How to Write a Resignation Letter

You might think you know how to write a letter of resignation: “I quit, jerks!” But there’s a little more to it than that.

By Audrey Fine

How to Write A Letter Of Resignation

You may have the urge to carpet bomb your soon-to-be-former boss with one-finger salutes and F-bombs when you quit your job. And while it would no doubt make for a hilarious story, you never know when you might need to re-cross the bridges that an outburst like that would burn. Which is why you’ll want to put as much effort into your last impression as you did your first impression — and that includes knowing how to write a letter of resignation.

Before you grab a crayon and cocktail napkin, keep in mind that you first must tell the boss in person that you’re leaving. Only then should you follow up with a resignation letter reaffirming what the two of you just discussed. Above all, the most important thing about learning how to write a resignation letter is to be brief — it needn’t be more than a paragraph. And make sure to give a copy to both your boss and HR. Here’s what you need to include:

The Date Of Your Last Day
Giving two weeks notice is pretty standard. Any less than that and you risk screwing over the coworkers you’re leaving behind, who’ll have to do all of your work. Not only is it a dick move, but it’ll burn those bridges.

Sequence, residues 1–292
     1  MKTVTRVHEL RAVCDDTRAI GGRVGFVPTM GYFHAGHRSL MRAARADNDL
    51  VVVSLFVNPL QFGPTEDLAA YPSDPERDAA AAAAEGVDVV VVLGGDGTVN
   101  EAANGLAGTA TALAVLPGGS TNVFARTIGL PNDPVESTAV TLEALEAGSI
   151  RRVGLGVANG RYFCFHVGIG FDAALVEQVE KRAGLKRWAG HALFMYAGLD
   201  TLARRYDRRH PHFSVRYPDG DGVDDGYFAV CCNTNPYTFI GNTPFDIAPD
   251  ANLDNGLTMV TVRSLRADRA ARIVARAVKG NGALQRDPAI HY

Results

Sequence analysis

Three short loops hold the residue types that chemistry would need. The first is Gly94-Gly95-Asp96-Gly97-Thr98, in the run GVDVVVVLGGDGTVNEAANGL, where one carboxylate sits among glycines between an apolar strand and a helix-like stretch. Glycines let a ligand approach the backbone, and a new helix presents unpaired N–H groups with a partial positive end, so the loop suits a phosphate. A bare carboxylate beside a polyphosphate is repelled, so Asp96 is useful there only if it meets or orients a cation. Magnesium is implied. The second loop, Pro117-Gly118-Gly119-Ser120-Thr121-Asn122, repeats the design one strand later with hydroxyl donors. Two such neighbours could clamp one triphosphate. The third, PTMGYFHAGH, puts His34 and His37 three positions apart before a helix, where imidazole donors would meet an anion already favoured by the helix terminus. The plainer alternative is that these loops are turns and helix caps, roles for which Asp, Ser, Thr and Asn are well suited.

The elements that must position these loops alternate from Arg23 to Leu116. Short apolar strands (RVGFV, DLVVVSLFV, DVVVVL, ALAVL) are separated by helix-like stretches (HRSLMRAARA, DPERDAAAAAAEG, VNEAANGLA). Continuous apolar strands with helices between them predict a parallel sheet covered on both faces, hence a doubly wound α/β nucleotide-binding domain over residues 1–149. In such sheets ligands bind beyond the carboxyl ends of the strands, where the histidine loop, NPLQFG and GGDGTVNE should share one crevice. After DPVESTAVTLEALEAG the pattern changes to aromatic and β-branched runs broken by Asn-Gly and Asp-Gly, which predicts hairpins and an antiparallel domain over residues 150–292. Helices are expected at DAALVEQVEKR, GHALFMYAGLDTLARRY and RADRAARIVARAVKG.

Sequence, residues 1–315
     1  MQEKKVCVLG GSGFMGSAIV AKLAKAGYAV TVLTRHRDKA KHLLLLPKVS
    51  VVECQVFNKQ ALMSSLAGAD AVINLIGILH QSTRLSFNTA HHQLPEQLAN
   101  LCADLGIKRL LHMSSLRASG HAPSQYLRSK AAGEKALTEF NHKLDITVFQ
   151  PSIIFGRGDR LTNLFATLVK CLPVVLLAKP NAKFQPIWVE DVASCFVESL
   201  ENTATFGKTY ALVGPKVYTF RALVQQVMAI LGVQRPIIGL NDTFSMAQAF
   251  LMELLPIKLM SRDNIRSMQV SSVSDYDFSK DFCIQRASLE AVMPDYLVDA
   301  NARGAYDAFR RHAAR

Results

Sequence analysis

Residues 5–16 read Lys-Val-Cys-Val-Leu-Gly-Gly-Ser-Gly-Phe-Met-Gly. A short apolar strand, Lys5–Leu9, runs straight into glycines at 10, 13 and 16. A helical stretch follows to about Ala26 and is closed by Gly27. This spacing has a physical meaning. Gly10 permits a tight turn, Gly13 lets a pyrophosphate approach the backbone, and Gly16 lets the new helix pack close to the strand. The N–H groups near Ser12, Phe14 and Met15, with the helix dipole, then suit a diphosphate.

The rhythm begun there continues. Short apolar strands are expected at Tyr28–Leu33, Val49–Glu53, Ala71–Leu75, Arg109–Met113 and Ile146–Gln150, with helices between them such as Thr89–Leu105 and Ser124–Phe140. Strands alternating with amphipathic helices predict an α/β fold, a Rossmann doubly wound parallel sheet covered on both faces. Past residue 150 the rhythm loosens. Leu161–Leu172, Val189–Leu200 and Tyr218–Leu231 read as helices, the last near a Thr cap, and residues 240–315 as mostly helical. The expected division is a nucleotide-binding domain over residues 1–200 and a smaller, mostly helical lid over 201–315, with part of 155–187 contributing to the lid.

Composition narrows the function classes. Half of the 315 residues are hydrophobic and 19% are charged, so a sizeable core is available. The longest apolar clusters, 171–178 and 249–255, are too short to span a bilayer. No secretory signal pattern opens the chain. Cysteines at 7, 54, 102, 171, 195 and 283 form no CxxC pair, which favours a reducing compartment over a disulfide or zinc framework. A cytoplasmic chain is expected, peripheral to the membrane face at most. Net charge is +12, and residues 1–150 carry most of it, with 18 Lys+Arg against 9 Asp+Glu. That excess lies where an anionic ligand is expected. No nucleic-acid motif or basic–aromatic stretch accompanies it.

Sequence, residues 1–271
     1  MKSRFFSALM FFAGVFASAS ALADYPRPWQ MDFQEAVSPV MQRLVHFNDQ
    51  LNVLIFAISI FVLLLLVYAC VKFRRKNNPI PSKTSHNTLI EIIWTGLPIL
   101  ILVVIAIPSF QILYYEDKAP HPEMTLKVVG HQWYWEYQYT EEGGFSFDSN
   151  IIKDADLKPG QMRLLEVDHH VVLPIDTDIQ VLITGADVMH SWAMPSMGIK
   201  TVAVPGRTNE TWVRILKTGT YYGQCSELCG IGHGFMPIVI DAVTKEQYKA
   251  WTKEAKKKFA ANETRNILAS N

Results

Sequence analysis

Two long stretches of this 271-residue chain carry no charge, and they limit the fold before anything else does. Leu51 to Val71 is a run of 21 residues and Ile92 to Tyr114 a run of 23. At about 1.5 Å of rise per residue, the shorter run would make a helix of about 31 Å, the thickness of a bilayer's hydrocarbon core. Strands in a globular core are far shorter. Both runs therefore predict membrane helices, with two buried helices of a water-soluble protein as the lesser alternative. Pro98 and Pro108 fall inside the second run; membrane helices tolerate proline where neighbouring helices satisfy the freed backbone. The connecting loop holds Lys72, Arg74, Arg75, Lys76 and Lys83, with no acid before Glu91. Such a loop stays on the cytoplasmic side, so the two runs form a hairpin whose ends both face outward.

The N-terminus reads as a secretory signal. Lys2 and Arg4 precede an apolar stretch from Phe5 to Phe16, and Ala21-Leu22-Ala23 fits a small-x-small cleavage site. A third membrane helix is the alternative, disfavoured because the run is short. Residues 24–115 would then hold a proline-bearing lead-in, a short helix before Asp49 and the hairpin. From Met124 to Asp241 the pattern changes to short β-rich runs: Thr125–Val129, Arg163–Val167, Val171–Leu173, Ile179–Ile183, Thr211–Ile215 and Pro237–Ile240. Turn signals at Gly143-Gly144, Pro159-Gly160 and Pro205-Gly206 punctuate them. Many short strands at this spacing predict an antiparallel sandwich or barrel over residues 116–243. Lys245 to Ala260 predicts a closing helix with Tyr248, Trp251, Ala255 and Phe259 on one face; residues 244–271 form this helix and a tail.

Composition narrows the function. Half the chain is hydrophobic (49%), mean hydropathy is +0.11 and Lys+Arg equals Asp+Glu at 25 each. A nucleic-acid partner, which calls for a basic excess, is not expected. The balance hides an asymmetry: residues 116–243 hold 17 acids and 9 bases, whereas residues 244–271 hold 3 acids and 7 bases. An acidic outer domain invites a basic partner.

The Reason Why You’re Leaving
Your letter of resignation should be filled with restrained honesty. For example, mentioning that you’re leaving for more money, to gain a new skill set, or because it’s a job with more responsibility is all fair game. Complaining about your lousy paycheck or idiot coworkers, however, is probably not a good idea.

Keep It Positive
Express what you’ve enjoyed while you worked there. If you can’t think of anything nice to say, think harder. If you still can’t think of anything, lie.

Say Thank You
End your letter of resignation by thanking your manager for any personal help or attention he or she has given you. If you actually like the person, throw in a line citing a specific example about how he or she helped you grow professionally. Wish them continued success in their field and give props to your coworkers and their achievements.

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